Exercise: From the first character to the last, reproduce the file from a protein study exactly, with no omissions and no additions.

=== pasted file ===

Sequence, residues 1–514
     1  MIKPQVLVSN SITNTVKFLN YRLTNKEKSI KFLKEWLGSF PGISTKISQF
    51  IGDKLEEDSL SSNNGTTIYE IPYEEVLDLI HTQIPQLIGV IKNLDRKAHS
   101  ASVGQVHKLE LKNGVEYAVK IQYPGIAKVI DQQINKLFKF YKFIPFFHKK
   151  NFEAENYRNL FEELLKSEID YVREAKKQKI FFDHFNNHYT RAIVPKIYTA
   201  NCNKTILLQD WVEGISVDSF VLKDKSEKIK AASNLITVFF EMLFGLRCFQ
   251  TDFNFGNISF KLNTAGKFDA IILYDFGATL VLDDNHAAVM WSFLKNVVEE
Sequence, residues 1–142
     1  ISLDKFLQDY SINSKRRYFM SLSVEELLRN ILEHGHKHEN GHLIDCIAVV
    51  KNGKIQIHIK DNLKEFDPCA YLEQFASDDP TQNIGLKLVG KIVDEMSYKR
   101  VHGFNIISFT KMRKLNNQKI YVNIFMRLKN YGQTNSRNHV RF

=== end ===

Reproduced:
Sequence, residues 1–514
     1  MIKPQVLVSN SITNTVKFLN YRLTNKEKSI KFLKEWLGSF PGISTKISQF
    51  IGDKLEEDSL SSNNGTTIYE IPYEEVLDLI HTQIPQLIGV IKNLDRKAHS
   101  ASVGQVHKLE LKNGVEYAVK IQYPGIAKVI DQQINKLFKF YKFIPFFHKK
   151  NFEAENYRNL FEELLKSEID YVREAKKQKI FFDHFNNHYT RAIVPKIYTA
   201  NCNKTILLQD WVEGISVDSF VLKDKSEKIK AASNLITVFF EMLFGLRCFQ
   251  TDFNFGNISF KLNTAGKFDA IILYDFGATL VLDDNHAAVM WSFLKNVVEE
Sequence, residues 1–142
     1  ISLDKFLQDY SINSKRRYFM SLSVEELLRN ILEHGHKHEN GHLIDCIAVV
    51  KNGKIQIHIK DNLKEFDPCA YLEQFASDDP TQNIGLKLVG KIVDEMSYKR
   101  VHGFNIISFT KMRKLNNQKI YVNIFMRLKN YGQTNSRNHV RF